Must-see stands at Frieze London 2016

The biggest fixture in the capital's art calendar offers everything from immersive environments to nineties nostalgia.

Hauser & Wirth

D8, Hauser and Wirth

In this fully immersive installation the gallery has presented L'Atelier d'artistes, a deliberate cliché presenting works by various artists under the guise of a singular studio practice. The densely packed room draws inspiration from Cézanne, but is not restricted to a historical, romanticised view of a creative hideaway. Pieces by Henry Moore and Hans Arp can be found nestled among a video by Pipilotti Rist and collages by Berlinde de Bruyckere. The result is a glorious frenzy of colliding viewpoints, but manages to retain an element of harmonious chaos that will surely keep visitors enthralled with numerous layers of discovery.

B13, Limoncello and Taro Nasu

Based in London and Tokyo respectively, these galleries asked Ryan Gander to curate their booth, featuring a selection of works by artists they represent. This wonderful assemblage is presented on a large scale, geometric super-plinth. Apparently all of the works were supposed to by completely abstract, though in fact one marginally figurative work made the grade. This squared off, featureless mannequin head sports a fetching futuristic wig, created by Welsh artist Bedwyr Williams.

N1-11, The Nineties

This new section of the fair has been created as an homage to some of the most groundbreaking exhibitions of the 1990s. The group of stalls feature a recreation of Sylvie Fleury's pioneering 12-channel installation depicting iconic fitness videos from the likes of Jane Fonda and Cindy Crawford. It originally caused a stir for its cutting commentary on popular culture, though remains just as relevant now with the resurgence of fashionable fitness. Perhaps the most renowned reappraisal is Wolfgang Tillmans' compact exhibition that first took place in 1993, in a tiny space at Buchholz & Buchholz in Cologne.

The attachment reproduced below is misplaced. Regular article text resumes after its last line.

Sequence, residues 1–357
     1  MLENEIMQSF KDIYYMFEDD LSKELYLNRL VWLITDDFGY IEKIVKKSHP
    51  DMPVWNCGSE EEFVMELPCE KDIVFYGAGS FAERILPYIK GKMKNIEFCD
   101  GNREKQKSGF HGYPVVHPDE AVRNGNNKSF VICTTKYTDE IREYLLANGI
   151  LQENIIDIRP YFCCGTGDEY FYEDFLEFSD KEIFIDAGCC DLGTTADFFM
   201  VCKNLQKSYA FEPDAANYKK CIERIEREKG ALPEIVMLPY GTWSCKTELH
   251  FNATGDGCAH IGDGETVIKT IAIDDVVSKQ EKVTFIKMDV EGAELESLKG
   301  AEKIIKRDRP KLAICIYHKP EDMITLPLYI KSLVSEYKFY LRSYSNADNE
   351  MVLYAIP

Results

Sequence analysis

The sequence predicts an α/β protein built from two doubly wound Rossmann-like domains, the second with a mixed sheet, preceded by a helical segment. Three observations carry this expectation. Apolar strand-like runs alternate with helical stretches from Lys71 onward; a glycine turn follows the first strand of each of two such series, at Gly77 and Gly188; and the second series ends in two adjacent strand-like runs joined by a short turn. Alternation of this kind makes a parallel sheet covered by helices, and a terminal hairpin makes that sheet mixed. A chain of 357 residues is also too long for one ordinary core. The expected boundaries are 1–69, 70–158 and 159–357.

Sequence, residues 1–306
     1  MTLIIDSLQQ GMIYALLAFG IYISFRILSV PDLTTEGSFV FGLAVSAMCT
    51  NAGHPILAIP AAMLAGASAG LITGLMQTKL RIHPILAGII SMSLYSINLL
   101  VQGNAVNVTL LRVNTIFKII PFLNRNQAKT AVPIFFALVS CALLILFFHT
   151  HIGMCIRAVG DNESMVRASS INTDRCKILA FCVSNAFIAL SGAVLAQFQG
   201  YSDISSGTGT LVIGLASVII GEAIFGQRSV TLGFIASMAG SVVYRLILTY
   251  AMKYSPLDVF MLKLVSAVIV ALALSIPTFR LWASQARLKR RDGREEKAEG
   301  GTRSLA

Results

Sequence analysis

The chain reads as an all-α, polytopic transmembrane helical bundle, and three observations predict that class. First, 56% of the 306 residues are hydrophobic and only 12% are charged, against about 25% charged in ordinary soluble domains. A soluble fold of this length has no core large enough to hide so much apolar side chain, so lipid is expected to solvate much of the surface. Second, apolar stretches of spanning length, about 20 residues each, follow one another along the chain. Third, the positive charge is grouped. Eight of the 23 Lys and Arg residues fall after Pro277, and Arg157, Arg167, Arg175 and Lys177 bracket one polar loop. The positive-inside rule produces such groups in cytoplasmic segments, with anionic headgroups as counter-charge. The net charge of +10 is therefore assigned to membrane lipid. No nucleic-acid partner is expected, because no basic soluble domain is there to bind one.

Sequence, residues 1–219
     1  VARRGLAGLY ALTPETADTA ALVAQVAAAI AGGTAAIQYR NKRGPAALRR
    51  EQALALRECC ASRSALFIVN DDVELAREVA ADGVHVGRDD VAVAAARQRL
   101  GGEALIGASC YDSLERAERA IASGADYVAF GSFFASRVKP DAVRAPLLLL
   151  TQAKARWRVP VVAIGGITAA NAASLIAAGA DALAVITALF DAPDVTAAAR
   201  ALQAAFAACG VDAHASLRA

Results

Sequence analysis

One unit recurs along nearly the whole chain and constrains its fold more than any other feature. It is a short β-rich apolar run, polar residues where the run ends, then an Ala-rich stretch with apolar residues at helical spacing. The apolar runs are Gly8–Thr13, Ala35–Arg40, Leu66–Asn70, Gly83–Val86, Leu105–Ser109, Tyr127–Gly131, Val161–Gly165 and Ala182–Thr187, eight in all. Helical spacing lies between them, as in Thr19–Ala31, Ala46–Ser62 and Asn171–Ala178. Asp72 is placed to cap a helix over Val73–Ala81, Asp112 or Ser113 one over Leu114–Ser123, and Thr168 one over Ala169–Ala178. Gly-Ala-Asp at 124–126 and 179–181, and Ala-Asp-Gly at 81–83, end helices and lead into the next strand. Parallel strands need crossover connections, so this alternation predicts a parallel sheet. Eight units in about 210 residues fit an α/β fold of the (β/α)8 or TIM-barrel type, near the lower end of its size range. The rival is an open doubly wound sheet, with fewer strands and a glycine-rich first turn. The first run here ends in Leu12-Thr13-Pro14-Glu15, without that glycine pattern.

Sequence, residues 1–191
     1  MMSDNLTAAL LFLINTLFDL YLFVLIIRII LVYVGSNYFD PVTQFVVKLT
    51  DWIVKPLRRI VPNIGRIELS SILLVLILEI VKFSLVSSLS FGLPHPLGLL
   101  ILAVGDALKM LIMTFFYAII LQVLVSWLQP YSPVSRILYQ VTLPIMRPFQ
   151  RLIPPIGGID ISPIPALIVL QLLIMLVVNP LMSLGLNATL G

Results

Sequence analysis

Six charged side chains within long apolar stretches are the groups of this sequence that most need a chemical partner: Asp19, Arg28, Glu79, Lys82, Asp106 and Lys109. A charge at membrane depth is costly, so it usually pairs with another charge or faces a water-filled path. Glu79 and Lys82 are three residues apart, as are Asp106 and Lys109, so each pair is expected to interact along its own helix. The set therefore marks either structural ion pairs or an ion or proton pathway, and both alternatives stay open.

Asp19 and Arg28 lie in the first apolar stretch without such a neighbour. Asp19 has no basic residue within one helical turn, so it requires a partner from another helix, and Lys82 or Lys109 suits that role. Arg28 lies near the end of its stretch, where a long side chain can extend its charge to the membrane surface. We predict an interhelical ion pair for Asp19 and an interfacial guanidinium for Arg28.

P6, Julie Verhoeven

This site-specific performance piece is based in the women's bathrooms. Titled The Toilet Attendant... Now Wash Your Hands, it features bizarrely customised cubicles complete with seat covers and coloured toilet paper. The artist is accompanied by another surreally dressed attendant wearing thick makeup and comical outfits; both will be maintaining the installation and fully-functioning stalls throughout the duration of the fair. The piece is designed to interrogate intimate, invisible spaces while also examining the treatment of an overlooked, yet integral workforce.

Frieze Sculpture Park

Once again Claire Lilley, Yorkshire Sculpture Park's head of programme, has curated an impressive selection of outdoor sculpture, available to view for free throughout The Regent's Park until January 2017. It features 19 internationally acclaimed artists including Conrad Shawcross, Claus Oldeburg Barry Flanagan and Lynn Chadwick. For the first time, as a programming partner, Art Fund is not only offering a dedicated app featuring Lilley's commentary, but also a programme of photography workshops for the duration of the outdoor exhibition. Download the free app on your iPhone or Android device.

"Art Fund" is the operating name of the National Art Collections Fund, a charity registered in England and Wales (209174) and Scotland (SC038331)